I doubt that students at Stanford thought they would become sadistic prison guards when they entered that university, primed for higher learning.
I doubt that the teacher who gave electric shocks to a “student” had planned that as part of her day.
I doubt that when budding physicians enter medical school, any plan on torturing people through rectal feeding.
Why do good people do bad things? In most cases, it’s the system.
Leadership is not getting people to do things for you. It is not being in charge and making decisions. Real leadership, the only leadership anyone should aspire to, is making more human systems. This can be a company, a non-profit organization, an institution, a government agency, or your family.
Anything less than working on creating a better system for people is not leadership. It may be self-aggrandizement, vanity, or even custodial work, but it is not leadership. Good leaders prepare for their departure. All that is left when they depart are the structures and systems they have helped put in place. The measure of a leader is his or her legacy. If they get a performance review, it should be given years after they leave. I wonder how many of our current leaders would get a positive review in retrospect. Probably not very many, if 19 alumni of Harvard Business School who made it to the top, are any indication.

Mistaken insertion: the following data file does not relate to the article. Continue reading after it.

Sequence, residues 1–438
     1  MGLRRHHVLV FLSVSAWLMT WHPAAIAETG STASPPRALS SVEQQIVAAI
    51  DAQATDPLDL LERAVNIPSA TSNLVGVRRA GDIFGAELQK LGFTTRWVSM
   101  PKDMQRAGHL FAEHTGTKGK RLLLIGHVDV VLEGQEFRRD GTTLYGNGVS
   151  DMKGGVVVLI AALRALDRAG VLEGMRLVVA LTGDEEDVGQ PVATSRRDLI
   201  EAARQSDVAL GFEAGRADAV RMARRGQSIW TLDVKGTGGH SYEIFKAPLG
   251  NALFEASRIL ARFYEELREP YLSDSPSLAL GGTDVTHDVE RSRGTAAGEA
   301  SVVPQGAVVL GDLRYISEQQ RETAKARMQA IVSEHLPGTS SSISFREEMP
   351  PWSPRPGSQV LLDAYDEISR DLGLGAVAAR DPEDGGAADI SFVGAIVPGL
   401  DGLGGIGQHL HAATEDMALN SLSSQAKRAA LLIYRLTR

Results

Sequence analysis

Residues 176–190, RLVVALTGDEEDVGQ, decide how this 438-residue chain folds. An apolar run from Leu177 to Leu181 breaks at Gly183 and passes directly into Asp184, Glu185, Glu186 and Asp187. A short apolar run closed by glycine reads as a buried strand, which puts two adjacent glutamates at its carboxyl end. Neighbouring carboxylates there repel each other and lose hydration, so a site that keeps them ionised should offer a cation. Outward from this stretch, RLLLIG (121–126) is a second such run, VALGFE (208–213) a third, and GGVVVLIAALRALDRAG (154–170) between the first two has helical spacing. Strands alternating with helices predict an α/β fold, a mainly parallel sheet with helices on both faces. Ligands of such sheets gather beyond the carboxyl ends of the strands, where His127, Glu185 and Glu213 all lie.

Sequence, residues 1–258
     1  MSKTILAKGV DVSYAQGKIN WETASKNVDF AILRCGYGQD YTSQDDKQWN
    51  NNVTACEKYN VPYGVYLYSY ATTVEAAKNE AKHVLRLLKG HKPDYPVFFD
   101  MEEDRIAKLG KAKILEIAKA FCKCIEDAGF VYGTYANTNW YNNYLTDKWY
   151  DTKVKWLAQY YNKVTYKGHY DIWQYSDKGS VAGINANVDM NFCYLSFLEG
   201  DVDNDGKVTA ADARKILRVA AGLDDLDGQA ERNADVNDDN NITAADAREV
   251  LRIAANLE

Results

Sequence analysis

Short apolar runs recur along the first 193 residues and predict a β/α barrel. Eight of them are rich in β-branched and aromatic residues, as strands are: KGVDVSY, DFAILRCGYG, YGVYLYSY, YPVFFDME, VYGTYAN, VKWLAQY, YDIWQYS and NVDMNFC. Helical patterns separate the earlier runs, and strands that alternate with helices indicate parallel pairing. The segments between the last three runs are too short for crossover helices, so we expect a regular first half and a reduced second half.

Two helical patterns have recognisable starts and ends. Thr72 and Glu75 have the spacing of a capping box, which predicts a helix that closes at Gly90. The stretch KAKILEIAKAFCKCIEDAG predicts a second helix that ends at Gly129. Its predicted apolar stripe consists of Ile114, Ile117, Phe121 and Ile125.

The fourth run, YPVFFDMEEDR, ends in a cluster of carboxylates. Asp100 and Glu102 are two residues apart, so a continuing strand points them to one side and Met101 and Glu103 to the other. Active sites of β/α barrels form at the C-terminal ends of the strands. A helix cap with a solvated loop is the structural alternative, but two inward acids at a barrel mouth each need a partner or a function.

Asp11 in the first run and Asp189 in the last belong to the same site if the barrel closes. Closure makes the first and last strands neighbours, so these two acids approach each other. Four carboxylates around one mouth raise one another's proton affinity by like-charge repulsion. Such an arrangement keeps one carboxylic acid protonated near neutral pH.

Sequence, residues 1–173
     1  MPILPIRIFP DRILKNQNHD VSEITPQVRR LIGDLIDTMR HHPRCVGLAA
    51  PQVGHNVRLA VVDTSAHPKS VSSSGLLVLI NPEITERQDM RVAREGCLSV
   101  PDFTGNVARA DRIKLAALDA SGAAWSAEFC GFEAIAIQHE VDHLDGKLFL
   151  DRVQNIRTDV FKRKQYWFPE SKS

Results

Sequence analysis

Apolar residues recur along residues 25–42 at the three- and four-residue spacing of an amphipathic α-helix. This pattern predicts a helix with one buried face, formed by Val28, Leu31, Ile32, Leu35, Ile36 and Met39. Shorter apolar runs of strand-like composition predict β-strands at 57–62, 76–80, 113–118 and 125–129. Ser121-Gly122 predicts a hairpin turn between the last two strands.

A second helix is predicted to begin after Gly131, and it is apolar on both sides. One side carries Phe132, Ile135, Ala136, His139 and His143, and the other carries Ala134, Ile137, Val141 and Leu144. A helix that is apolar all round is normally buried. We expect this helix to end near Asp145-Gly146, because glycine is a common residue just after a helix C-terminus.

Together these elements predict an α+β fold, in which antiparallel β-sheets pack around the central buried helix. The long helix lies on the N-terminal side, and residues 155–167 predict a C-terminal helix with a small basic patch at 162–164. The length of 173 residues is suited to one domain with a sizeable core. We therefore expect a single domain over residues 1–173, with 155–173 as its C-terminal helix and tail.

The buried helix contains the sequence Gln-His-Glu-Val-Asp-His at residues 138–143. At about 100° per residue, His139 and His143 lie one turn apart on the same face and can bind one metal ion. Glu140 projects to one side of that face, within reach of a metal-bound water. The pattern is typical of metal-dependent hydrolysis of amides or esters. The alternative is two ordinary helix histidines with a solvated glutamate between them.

“A majority, 10, seemed clearly to have failed, meaning that the company went bankrupt, they were forced out of the CEO chair, a major merger backfired, and so on. The performance of another 4 we found to be questionable at least. Some of these 14 CEOs built up or turned around businesses, prominently and dramatically, only to see them weaken or collapse just as dramatically.” – Henry Mintzberg